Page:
This point is related to the third point of the definition. Parties articulate and aggregate social interests. Now, you critically can ask what is the difference between parties and interest groups, because interest groups as well as parties articulate the interests of a special part of society. Modern societal systems are segmented and fragmented, many singular interests are competing against each other. And only opinions which have a strong reputation have a chance to win public access. In earlier societies some of these functions were performed by the different classes or estates, or the bureaucracy.

But parties do no only have to represent one single aspect, one single opinion such as, for example, non- governmental organizations like the WWF or Greenpeace. This is the duty of the major parties who want to be called "political parties". They want to represent and stand for social democracy as well for neo-liberal labour market policy. Their political establishment wants to be the agent of the higher classes as well as the lower ones. Parties can only stress general interests in their propaganda or even develop a tendency to see itself as the "natural party of government".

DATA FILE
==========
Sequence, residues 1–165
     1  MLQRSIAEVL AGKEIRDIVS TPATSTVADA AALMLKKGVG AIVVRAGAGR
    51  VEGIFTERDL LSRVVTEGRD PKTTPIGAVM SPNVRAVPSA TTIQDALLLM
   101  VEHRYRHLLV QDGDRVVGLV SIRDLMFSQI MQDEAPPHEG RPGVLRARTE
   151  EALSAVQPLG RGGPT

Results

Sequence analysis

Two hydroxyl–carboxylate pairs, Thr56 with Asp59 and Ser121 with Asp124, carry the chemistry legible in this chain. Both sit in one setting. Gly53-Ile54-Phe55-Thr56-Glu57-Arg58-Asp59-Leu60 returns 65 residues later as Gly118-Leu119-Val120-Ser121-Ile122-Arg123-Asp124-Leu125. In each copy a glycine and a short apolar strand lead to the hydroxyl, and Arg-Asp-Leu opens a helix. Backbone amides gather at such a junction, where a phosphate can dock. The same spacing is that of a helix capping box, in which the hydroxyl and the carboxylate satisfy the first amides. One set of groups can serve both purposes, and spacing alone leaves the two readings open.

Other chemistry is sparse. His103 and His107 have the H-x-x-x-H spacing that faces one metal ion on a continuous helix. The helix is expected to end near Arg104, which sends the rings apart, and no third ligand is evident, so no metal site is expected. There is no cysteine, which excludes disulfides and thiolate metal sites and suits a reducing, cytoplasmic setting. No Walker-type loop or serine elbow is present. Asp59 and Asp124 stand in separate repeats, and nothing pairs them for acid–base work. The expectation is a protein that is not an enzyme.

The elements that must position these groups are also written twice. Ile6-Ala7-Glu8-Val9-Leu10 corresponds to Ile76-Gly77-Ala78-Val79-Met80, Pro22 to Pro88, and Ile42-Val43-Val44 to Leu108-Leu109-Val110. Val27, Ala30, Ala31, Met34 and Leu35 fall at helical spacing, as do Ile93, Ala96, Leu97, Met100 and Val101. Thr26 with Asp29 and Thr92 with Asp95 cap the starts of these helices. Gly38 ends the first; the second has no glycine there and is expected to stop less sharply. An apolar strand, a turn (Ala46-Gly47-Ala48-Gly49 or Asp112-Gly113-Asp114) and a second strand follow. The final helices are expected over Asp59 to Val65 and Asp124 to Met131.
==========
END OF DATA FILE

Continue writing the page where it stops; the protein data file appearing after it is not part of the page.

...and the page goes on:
We have spoken already about this. What parties do which is exceptional is to recruit political personnel, the so called political élites. These are the peopole presiding at the top of each party organization. These are members of parliament, ministers, permanent secretaries, party leaders and so on. It is with these people that the party will be associated in the public eye. On the other side they fulfil an important function. Politicians whether in the national parliament or on the local or federal level, it does not matter, form the government. Political personnel have a governmental function, in electing and controlling the government. It could also mean to vote a member of the government out of his/her office. The correct term for this procedure is a vote of no confidence. Parties act as transmission belts, they create connections between the personnel and institutional organs, otherwise seperated, of the executive, the legislative, and the people.